Fantastic Beats And Where To Find Them: A Guide To London’s Independent Record Shops

London may have its downsides: traffic jams, crowds, the £10 gin and tonic, but it also has sixty-odd places to buy records. Sixty-odd reasons to put up with the stresses and strains of life in the capital.

Even with a backdrop of retail woes (British Retail Consortium figures show consumer spending fell more sharply last month than any time in the last 25 years) record shops have blossomed, and it is good to see something to help record buyers feed their vinyl addictions.

Graham Jones helped out buyers of new vinyl by releasing a book, “The Vinyl Revival & The Shops That Made It Happen” which gave a guide to the nation’s independent record stores still standing in 2018.

But what about those music fans who like to buy second hand vinyl?

In the same way that buying cars is expensive if you only ever buy shiny new ones, vinyl can also be an expensive habit if you limit yourself to new releases.

As has been documented previously on these pages, you could spend a fortune buying (for example) new Elton John albums when their used counterparts can be picked up for just a few pounds. Whether the Rocket Man is your cup of tea or otherwise, when done right, vinyl can be cheap, and we all like the rush of having nabbed a bargain.

But where to start?

Thankfully for those in the capital, there is a new book, beautifully put together and written by DJ, record collector and author Tom Greig.

“Vinyl London: A Guide To Independent Record Shops” documents in detail the many places vinyl enthusiasts can feed their habit across London.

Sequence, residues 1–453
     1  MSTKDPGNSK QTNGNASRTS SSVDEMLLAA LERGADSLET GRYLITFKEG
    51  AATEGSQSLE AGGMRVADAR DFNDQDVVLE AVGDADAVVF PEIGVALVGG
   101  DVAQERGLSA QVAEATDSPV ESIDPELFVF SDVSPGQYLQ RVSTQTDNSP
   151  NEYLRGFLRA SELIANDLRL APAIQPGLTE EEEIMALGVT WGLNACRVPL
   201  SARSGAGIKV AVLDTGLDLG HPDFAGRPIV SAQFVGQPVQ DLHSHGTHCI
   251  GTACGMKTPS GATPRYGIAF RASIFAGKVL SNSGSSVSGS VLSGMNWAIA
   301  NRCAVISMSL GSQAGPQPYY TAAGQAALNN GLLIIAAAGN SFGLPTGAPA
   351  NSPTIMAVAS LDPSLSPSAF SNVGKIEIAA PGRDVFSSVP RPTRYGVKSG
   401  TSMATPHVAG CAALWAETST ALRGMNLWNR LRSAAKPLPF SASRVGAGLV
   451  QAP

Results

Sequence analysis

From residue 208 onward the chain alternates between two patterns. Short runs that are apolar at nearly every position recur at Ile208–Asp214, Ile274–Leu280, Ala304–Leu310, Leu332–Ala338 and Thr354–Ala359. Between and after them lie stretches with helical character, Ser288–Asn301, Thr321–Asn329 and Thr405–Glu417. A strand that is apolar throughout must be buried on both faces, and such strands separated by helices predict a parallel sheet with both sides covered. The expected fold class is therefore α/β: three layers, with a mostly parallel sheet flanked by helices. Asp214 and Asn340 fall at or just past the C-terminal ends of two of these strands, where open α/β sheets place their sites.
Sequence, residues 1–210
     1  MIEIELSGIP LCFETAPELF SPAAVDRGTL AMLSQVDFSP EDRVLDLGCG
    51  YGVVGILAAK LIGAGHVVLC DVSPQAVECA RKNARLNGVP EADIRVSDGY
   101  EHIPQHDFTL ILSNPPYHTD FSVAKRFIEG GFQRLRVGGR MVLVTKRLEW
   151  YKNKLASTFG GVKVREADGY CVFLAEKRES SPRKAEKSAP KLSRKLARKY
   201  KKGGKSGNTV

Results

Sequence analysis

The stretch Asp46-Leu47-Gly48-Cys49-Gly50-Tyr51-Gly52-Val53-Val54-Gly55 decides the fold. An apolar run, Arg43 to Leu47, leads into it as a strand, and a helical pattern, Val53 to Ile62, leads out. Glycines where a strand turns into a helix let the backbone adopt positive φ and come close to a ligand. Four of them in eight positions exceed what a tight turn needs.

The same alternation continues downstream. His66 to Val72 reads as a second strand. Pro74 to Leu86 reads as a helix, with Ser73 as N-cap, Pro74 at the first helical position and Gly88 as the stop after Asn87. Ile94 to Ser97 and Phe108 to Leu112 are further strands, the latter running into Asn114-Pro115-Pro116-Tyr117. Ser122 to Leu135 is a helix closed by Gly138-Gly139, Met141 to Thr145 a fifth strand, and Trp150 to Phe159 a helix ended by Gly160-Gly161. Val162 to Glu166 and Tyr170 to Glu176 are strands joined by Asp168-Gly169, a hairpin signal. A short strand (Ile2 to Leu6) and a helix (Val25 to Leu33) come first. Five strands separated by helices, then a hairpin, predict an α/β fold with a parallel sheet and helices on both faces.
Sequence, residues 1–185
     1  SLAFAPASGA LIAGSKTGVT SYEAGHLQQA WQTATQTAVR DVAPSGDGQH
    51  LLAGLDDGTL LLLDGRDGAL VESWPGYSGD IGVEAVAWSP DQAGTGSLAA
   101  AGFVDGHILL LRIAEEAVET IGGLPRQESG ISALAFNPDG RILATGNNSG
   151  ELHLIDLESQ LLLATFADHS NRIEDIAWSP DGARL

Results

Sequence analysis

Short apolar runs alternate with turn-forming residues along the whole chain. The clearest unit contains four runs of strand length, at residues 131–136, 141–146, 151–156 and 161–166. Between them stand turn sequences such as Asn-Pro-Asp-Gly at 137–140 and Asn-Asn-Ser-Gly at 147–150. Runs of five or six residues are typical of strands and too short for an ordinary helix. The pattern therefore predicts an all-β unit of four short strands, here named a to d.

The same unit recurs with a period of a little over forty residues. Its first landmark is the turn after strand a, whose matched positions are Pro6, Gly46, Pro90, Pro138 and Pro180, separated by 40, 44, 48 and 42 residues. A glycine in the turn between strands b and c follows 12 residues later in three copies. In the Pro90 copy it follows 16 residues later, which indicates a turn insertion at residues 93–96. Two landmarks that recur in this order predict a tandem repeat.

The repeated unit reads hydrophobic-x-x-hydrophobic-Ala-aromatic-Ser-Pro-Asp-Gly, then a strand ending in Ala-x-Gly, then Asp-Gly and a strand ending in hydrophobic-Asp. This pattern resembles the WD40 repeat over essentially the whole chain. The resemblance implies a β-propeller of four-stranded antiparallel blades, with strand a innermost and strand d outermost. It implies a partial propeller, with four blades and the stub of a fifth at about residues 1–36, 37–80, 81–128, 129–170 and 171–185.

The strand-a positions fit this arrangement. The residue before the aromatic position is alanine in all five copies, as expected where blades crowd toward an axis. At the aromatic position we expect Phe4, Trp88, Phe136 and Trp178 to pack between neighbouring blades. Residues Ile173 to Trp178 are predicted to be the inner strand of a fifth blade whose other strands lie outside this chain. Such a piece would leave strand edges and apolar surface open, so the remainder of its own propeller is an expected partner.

Featuring sumptuous photography by Sam Mellish, Greig describes close to sixty shops in detail, highlighting what is special about each one, whether they focus on new or used vinyl, and what you might find.

This is tremendously useful. Schlepping fifty minutes through London, avoiding stressed, over-caffeinated commuters tutting and trampling over everyone in their way, or dawdling tourists standing inexplicably on the wrong side of the escalator and then navigating a packed central line hot enough to fry an egg on if you had enough elbow room, only to find the record shop you are visiting is overpriced and specialises in your least favourite music is something we can all do without.

This is where Vinyl London comes to the fore. Where else could you discover the shop that puts all its new records out on a Saturday morning, with a fresh line of those in the know queueing outside? There are shops with sidelines – a decent comic book selection, or audio equipment. There are those who never sell online. Those who do and are fairly priced, and one or two that are a little pricey, which is always good to know before you make a long trip. If you happen to be in the area of course, that’s another thing…there’s always something interesting in every shop.

There’s a punk specialist, those with strong reggae, dance, rock n roll or calypso sections. There are those in the suburbs, in the West End, those with alphabetised selections, and those with little or no order to the selection. There are vinyl cafes, and importantly the record fairs that spring up on a regular basis. There is also the whereabouts of London’s largest selection of singles outside of Tinder’s database.

The book is an indispensable, lovingly crafted, and worthy addition to any vinyl fan’s collection. It was published yesterday and is available from all good bookshops, record shops and online via this link…



Categories: Music, Vinyl

Tags: , , , , , , , , , ,

5 replies

  1. I’m just here to applaud your title.

    Liked by 1 person

  2. Great to see the resurgence of vinyl. Keep the record turning.

    Like

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